And then you have the shooting scene. And from the village of 10 or so houses, about 200 Talibans appear. At least 25 stay in the mountain to cut their escape route, about 50 are killed by those 4 guys and there is still a bunch that come back to the village. A little exaggeration of the movie makers, I guess. In no way, such remote village could hold that many people — and we are talking to extra people, we are not counting the people who already lived in the village.

And the shooting scene goes for another 30 minutes. And there is a lot of blood being splattered around. And there is a lot of talibans dying in a single shot. And there are those 4 guys being turned into pin cushions with so many bullets and cuts and whatnot, but they still fight ’cause MURRICA, FUCK YEAH! And there is so much blood in those 30 minutes that Dracula would have a hard on. And it’s boring, it’s hard to follow, the camera keeps shaking, and sometimes they put this “hey, look, this is the sniper scope!”, which cuts half of the screen space. And then you have “oh, look, this guy killed three talibans but oh, no, he took a shot in the shoulder, but now he killed more three but oh no, another shot in the leg now”. And it goes on, and on, and on, that after the first 5 minutes you get bored watching it.

Apparently there was some helicopter being hit by an RPG when they were almost saved, but I was skipping most of it to avoid the boredom of watching this nonsense that I partially missed it.

(Again, not saying that if Luttrell & co had to face that many people, take that many shots, still kill that many enemy soldiers while fighting for their lifes it’s pure bullshit; what I’m saying is that, for theatrical presentation, it’s bullshit.)

And the last 30 minutes is Luttrell being rescue by one of the villagers, getting caught by the Taliban VIP, almost dying, seeing the villagers raise against Taliban (in what, thinking now, it was a way of saying “see? Not all of them are bad!”) and his final rescue.

I won’t talk about acting, ’cause, again, bored to tears, I skipped most of it. The only thing I can say is this: Every time Taylor Kitsch was on the screen, every time he spoke sometime, all I could think of was “Wil Weathon?”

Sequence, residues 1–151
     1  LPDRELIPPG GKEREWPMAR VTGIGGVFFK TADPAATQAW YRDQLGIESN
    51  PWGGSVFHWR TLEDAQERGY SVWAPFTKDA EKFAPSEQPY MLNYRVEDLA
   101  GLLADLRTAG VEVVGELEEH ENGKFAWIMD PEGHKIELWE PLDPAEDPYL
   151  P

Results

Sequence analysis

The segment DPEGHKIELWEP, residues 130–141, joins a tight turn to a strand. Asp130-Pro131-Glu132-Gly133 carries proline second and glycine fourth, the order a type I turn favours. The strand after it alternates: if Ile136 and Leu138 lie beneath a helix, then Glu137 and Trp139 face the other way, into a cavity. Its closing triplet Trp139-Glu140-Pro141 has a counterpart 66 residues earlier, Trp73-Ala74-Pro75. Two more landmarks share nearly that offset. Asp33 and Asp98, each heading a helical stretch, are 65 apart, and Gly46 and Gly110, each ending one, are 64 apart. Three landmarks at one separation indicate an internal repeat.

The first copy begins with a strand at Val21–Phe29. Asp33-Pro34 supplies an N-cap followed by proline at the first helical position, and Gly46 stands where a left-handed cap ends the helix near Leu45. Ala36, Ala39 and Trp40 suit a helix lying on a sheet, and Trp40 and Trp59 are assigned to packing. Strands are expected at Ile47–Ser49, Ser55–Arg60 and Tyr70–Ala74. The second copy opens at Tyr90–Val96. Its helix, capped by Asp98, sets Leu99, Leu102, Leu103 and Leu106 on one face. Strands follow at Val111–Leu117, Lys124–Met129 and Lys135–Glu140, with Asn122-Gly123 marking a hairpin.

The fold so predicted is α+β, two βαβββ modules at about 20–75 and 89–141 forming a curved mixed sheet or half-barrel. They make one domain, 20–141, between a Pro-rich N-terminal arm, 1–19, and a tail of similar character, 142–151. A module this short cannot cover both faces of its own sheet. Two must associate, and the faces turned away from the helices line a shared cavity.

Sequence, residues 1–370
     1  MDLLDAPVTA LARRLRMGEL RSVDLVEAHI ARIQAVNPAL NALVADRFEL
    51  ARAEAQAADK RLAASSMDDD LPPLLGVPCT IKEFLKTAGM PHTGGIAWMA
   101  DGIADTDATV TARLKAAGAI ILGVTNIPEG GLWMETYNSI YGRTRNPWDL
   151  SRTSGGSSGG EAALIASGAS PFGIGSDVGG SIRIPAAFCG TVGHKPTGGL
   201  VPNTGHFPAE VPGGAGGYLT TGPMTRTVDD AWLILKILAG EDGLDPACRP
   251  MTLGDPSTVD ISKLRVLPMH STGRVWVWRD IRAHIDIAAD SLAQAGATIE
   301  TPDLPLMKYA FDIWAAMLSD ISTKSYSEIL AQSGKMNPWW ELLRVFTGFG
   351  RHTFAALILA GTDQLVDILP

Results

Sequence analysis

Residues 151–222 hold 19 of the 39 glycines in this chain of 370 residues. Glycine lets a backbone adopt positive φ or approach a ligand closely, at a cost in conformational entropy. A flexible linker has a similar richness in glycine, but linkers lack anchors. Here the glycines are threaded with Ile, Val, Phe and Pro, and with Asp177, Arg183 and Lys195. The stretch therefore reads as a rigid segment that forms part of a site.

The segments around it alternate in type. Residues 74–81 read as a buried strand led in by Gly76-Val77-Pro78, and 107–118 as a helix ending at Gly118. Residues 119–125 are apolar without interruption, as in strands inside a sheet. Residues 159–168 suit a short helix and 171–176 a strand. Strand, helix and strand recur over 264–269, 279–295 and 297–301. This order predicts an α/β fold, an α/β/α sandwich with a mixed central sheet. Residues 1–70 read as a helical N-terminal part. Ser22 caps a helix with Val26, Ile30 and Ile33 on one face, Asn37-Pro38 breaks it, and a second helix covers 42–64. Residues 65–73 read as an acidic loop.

In the end, I have to give only 3 saved soldiers of a battalion of 10. Everyone else died in the hands of the enemy.

Dallas Buyers Club (2013)

IMDB plot:

In 1985 Dallas, electrician and hustler Ron Woodroof works around the system to help AIDS patients get the medication they need after he is himself diagnosed with the disease.

Smuggled spoilers ahead.

In 1985, when people still didn’t know much about AIDS and AST was being introduced in the market, Ron Woodroof (Matthew McConaughey) finds out that he has contracted the disease. He begs Dr. Eve (Jennifer Garner) about some experimental drug called AST, which she refuses to give to him as the drug is still in tests. Through some connections, he ends up in Mexico, getting drugs still not approved by the American government from Dr. Vass (Griffin Dunne). Finding out how many drugs Dr. Vass has, he start to smuggle them into US, founds a “club” called “The Dallas Buyers Club” with trangender Rayon (Jared Leto), which specializes in smuggling non-approved drugs to those willing to pay US$ 400 per month.

And that’s basically it, I guess. There isn’t much more “story” that could be considered the main plot.

Thing is, this movie had a lot of talks about (including the nominations for the Oscars — some which it won) and that’s basically the story: one guy finds he has AIDS, can’t get the only medicine known at the time, doctors put him down ’cause it is still in tests, guy buys drugs illegally, guy gets kicked by smuggler and is send to Mexico, guy finds new therapy that actually works and discovers the government is slow in approving said drugs, guy goes back to the US to sell said drugs, guy creates club to sell unapproved — but functional — drugs to those who pay, government shuts down guy business, guy fights government, guy gets law approved for unapproved drugs for people without hope.

One thing I can’t get around is why McConaughey won an Oscar for his acting. I mean, it’s not impressive, he’s basically just doing the same character he always does, with a stronger Texan accent this time. Actually, I think his interpretation of Woodroof actually damages the person (at least, if you go into pure “Hollywoodian characters” and try to make a bad-guy-becomes-good-guy): He doesn’t seem to accept gays after being a strong homophobic in the start of the movie, he simply has to work with one because hey, it’s money; his denial of selling drugs to someone with less than the $400 required by his own club and later selling his car to buy more drugs simply doesn’t add up. Of course, maybe the real Woodroof did all those and the real Woodroof was a bad-guy-becomes-good-guy, but the fact is that acting… doesn’t add up. Either he was always a dick — which McConaughey acting doesn’t make him be in the end — or he actually changed — which, again, McConaughey acting doesn’t make him be in the end.

Leto and Garner, on the other hand, were exceptional in the movie. Leto is unrecognizable either by his posture and by his voice in the movie. Garner also does an absolute good job in the role of the doctor who is seeing hospitals doing things for money instead of actually helping people, feeling trapped in the mist of red tape.